Why not now?

State Rainy Day Funds have one sole purpose: to be used during economic downturns to minimize the extent of cuts to public services and to avert tax increases. Prior to this downturn, Oklahoma has been able to build up our Rainy Day Fund to just under $600 million. OK Policy just released a new issue brief arguing that, with the state facing a large budget shortfall and the prospect of cuts of 7 to 10 percent for most agency budgets, now is the right time to use a portion of the Rainy Day Fund.

Our argument is based on projections suggesting that revenues will begin to recover after next year, even as it takes several years to return to pre-downturn levels.¬†Under the constitutional rules governing the Rainy Day Fund, once revenues begin to rise compared to the prior year, most of the Fund cannot be appropriated, even if there remain ongoing shortfalls compared to pre-downturn levels. This creates the strong possibility that unless we use a portion of the Fund next year, we will end up making deeper and more painful cuts than are necessary while leaving most of the Rainy Day Fund untouched during one of the worst recessions in decades. As we stated in a press release, “we could be facing a situation where the people and communities of Oklahoma are about to get drenched by budget cuts, while we are left holding on to an unopened umbrella.”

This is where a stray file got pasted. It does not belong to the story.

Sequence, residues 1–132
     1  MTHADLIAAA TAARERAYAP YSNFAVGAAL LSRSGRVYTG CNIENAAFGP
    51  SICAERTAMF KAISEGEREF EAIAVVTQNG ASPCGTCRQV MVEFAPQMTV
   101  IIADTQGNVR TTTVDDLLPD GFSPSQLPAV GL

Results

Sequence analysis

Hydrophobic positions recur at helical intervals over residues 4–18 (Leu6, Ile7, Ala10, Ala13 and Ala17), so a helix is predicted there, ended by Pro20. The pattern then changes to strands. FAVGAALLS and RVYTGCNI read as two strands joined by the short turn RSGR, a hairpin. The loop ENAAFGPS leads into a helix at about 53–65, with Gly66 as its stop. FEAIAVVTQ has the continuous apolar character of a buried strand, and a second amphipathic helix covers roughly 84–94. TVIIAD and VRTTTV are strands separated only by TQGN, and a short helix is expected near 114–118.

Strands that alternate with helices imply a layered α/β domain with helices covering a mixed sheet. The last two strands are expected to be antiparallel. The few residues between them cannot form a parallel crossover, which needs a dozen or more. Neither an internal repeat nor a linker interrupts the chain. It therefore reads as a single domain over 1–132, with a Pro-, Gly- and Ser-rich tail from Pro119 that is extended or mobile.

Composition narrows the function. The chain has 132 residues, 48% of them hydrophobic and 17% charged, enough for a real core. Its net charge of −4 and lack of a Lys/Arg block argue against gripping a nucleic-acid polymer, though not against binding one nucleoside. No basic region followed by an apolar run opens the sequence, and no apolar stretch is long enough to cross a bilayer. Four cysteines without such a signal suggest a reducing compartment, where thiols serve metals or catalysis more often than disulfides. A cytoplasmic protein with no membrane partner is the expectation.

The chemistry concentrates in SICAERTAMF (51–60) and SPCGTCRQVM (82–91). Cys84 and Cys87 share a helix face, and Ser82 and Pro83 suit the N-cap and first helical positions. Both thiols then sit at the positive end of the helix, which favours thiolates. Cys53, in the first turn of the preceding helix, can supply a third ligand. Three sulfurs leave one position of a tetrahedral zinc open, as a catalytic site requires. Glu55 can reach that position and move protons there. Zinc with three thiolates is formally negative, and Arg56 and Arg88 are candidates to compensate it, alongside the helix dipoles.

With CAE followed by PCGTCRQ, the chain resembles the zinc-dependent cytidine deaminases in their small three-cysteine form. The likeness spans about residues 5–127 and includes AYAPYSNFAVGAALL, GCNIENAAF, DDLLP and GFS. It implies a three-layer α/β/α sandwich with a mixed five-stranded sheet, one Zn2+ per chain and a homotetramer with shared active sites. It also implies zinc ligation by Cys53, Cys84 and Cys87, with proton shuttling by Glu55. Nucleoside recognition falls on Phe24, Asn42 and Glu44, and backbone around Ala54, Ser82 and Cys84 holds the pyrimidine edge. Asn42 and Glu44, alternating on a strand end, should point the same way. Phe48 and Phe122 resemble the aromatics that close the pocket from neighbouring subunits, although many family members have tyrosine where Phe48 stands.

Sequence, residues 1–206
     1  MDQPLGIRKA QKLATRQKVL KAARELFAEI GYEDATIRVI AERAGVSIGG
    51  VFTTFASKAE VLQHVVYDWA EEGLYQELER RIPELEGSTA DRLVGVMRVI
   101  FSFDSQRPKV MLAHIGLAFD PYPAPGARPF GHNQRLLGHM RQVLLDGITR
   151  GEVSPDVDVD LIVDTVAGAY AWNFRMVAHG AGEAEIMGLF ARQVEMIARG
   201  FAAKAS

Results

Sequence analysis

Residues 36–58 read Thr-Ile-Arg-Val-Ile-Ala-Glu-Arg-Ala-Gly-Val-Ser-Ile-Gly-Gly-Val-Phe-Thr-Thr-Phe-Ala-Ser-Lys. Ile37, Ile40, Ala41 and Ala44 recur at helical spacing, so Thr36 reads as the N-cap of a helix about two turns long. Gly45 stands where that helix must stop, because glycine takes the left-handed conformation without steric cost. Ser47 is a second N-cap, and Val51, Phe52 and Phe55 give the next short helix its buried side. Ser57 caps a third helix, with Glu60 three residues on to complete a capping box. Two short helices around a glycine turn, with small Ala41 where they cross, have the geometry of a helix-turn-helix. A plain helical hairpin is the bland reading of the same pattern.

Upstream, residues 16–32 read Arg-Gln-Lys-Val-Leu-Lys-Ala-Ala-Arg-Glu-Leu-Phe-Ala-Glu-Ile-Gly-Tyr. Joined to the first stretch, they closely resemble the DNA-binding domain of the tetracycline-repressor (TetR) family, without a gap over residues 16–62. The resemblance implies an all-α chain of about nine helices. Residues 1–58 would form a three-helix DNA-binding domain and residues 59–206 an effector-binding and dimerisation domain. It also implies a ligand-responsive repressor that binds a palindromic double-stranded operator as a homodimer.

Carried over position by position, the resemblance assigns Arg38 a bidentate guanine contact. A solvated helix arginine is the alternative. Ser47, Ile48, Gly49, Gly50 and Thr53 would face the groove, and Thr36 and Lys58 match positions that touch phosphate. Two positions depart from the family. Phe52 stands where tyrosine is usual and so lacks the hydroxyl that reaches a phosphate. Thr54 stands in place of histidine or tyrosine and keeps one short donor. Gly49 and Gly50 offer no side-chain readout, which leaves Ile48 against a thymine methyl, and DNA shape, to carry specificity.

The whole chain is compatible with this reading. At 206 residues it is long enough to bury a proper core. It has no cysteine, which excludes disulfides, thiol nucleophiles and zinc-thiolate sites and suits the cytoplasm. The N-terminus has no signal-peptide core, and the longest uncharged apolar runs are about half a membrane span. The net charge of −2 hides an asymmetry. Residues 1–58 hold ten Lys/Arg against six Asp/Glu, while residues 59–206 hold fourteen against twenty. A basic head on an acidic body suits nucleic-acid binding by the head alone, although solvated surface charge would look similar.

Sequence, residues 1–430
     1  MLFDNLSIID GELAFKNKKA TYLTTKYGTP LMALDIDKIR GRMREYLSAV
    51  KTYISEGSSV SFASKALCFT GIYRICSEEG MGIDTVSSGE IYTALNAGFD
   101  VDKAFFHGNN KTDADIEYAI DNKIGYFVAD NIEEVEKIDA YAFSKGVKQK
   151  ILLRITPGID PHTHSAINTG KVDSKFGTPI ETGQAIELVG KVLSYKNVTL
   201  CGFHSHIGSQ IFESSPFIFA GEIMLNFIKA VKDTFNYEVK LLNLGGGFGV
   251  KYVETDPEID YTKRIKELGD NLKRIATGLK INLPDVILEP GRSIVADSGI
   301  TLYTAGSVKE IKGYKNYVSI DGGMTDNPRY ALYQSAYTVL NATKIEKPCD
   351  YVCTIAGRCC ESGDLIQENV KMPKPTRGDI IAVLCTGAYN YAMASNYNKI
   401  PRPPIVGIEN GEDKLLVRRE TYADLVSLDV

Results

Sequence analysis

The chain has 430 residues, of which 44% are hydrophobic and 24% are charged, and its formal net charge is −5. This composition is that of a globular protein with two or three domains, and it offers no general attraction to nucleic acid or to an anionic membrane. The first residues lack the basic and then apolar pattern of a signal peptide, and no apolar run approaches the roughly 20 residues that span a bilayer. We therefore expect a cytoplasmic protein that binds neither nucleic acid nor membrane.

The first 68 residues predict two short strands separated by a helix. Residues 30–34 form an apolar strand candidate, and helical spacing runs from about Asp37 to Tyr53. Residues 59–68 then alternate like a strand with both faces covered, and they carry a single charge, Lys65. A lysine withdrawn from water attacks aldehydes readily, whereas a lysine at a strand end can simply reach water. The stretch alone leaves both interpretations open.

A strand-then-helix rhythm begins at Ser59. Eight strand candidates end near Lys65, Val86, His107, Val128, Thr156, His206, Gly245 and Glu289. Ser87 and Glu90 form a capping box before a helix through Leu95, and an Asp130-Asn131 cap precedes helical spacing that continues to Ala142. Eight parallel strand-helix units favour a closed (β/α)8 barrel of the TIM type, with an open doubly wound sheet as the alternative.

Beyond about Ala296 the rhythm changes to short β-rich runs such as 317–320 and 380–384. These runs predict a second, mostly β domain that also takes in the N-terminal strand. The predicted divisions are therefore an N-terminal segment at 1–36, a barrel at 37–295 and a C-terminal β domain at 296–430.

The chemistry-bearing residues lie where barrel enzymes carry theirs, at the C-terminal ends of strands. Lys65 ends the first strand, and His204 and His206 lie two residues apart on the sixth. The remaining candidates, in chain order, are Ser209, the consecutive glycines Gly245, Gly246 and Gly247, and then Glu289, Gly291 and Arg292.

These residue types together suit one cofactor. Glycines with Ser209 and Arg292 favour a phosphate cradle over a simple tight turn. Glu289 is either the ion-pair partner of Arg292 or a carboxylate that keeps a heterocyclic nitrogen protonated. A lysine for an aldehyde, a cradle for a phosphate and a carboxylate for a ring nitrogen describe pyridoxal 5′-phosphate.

Oklahoma’s state public employees association is now calling on its members to contact legislators and the Governor to urge tapping part of the Rainy Day Fund to avert layoffs and furloughs in the year ahead.

The Legislature is slated to adjourn next Friday (May 22nd) but a budget agreement between the House, Senate and Governor has yet to be announced.

We hope you’ll take a look at the brief, and leave a comment letting us know what you think.

ABOUT THE AUTHOR

Former Executive Director David Blatt joined OK Policy in 2008 and served as its Executive Director from 2010 to 2019. He previously served as Director of Public Policy for Community Action Project of Tulsa County and as a budget analyst for the Oklahoma State Senate. He has a Ph.D. in political science from Cornell University and a B.A. from the University of Alberta. David has been selected as Political Scientist of the Year by the Oklahoma Political Science Association, Local Social Justice Champion by the Dan Allen Center for Social Justice, and Public Citizen of the Year by the National Association of Social Workers.

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